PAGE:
In the background to supply, we notice about the terms "total product", "marginal product" and "average product". These three figures are the foundation upon which the analysis of short-run production for a firm is analyzed.

Total product is the total quantity of output produced by a firm for a given quantity of inputs. The usual framework is to analyze total product when in a variable input (labor) changes, for a given amount of a fixed input (capital).

Diagram 1

In diagram 1, as the curve shows, the more labor hours you used, the more output of product before the point Tmax. After the curve go through the point Tmax, the more labor hours the less output. When we constructing this curve, it is assumed that total product changes from changes in the quantity of a variable input like labor, while we hold one or more other inputs, like capital, fixed. (Q= output, L=input)In short run the firm may be able to vary the amount of labor, but can not change capital.

Marginal product is the change in quantity when one additional unit of input used, keeping all other inputs unchanged. Marginal product usually abbreviated MP, is found by dividing the change in total product by the change in the variable inputs.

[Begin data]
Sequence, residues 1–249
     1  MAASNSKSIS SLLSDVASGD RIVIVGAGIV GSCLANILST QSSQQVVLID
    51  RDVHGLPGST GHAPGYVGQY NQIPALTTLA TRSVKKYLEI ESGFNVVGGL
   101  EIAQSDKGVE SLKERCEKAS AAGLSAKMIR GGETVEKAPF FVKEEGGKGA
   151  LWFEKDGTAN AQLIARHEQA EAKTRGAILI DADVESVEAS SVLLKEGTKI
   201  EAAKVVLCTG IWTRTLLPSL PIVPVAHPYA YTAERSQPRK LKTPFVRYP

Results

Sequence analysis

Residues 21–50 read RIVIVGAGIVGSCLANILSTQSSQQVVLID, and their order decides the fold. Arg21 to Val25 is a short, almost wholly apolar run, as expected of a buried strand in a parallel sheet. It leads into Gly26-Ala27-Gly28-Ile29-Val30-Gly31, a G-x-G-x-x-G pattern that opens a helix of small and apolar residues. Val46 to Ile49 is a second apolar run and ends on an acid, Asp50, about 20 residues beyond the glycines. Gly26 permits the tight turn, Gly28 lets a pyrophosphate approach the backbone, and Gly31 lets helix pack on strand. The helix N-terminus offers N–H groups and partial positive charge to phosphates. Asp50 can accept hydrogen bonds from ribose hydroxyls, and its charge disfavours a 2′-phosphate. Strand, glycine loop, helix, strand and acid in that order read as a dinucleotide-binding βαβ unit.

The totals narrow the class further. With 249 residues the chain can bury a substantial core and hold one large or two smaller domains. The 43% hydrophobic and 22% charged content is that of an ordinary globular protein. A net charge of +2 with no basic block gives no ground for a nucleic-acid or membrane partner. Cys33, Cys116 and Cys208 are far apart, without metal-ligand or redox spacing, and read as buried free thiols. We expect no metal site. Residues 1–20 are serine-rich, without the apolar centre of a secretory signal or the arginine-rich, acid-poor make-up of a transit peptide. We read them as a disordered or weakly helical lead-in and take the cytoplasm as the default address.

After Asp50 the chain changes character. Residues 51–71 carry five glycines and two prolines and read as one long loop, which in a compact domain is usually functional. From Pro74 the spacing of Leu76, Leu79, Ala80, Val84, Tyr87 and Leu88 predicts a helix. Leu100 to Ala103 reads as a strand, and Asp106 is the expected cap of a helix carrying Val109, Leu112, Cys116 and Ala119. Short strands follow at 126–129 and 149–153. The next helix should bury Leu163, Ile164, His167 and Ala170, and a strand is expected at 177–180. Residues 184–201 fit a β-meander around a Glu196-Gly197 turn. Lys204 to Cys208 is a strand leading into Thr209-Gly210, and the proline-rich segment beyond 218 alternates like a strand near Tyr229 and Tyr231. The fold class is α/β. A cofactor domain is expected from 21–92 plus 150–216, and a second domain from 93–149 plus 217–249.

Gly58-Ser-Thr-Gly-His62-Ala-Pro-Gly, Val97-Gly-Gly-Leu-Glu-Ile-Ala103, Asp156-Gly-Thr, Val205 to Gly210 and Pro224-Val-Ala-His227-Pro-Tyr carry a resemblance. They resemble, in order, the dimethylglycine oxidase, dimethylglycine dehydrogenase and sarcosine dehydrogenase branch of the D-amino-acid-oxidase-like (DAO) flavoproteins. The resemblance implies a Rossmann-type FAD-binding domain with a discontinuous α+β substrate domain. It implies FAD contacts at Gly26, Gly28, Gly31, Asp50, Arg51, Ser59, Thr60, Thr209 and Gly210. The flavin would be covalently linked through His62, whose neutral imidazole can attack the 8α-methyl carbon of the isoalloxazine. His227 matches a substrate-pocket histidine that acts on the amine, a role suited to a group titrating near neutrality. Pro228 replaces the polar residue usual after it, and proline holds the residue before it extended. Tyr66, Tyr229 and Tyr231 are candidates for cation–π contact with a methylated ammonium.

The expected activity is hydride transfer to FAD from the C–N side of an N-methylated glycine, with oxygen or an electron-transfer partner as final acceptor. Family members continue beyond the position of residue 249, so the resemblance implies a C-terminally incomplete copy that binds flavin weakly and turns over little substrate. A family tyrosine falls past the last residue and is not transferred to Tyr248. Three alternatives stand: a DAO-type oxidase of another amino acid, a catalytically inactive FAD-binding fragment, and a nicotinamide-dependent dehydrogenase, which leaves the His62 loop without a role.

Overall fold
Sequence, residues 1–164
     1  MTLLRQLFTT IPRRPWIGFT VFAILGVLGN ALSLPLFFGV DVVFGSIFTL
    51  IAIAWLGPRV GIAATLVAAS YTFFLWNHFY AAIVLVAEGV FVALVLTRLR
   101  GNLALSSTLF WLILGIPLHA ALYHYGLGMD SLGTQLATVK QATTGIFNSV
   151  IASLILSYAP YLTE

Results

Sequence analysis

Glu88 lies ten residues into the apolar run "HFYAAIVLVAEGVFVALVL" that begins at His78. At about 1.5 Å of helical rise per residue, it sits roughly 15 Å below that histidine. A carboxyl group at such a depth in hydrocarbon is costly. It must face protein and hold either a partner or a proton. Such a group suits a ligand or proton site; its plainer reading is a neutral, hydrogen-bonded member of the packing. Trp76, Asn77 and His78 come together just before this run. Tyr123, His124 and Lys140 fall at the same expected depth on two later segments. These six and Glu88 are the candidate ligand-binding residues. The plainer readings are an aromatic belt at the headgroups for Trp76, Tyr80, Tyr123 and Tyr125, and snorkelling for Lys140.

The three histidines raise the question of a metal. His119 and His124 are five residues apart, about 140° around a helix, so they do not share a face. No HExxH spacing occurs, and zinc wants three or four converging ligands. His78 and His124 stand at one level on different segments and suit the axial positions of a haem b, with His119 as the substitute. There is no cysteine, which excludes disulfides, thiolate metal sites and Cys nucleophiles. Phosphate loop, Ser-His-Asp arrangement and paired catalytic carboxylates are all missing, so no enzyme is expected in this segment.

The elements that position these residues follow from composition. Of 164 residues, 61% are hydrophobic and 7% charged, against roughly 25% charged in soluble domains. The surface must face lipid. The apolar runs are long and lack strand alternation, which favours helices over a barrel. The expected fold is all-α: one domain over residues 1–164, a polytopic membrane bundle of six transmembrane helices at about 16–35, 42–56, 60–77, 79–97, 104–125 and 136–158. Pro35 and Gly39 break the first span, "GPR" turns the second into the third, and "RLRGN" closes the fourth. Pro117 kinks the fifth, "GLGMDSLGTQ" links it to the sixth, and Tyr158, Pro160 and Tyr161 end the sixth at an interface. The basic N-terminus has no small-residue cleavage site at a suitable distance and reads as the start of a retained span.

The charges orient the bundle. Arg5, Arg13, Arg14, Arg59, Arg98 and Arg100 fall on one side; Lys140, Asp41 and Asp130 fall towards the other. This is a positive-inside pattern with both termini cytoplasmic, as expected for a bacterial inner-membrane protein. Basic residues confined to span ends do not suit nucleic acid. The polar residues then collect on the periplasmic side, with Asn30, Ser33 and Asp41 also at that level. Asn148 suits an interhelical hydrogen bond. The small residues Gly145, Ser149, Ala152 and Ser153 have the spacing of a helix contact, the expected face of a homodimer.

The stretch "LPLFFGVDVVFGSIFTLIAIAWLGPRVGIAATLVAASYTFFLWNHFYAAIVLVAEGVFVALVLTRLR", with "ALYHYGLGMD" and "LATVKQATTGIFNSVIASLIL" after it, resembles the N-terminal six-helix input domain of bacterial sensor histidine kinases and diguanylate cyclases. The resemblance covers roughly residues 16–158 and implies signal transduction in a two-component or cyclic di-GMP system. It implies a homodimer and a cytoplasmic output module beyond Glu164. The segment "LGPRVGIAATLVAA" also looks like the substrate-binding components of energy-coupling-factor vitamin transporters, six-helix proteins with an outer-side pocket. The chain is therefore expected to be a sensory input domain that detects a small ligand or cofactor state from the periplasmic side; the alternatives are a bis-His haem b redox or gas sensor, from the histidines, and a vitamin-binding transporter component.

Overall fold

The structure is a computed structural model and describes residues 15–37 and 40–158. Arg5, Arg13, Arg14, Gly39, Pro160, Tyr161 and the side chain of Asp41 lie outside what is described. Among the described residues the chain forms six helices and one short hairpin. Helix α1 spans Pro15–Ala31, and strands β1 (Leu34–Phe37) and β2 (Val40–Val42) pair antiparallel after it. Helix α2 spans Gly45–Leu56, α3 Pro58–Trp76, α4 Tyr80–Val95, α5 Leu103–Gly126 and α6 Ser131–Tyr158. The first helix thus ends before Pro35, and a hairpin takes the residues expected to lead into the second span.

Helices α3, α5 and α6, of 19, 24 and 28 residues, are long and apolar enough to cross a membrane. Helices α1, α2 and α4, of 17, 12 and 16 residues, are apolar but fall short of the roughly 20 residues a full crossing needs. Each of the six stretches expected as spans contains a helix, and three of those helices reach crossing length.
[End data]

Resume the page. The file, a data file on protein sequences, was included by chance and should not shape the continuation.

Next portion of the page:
MP= DQ/DL (holding K constant)

Diagram 2

In diagram 2, the marginal product curve is related to the total product curve in diagram 1. If the total product curve has a positive slope (upward sloping) then marginal product is positive. If the total product curve has a negative slope (downward sloping), then marginal product is negative. If the total product curve has a zero slope (horizontal), then marginal product is zero. Moreover, if the total product curve has a positive and increasingly steeper slope, then the marginal product is positive and rising. If the total product curve has a positive and decreasingly steeper slope, then the marginal product is positive but falling. Therefore, if total product curve is raising steeply, an extra...

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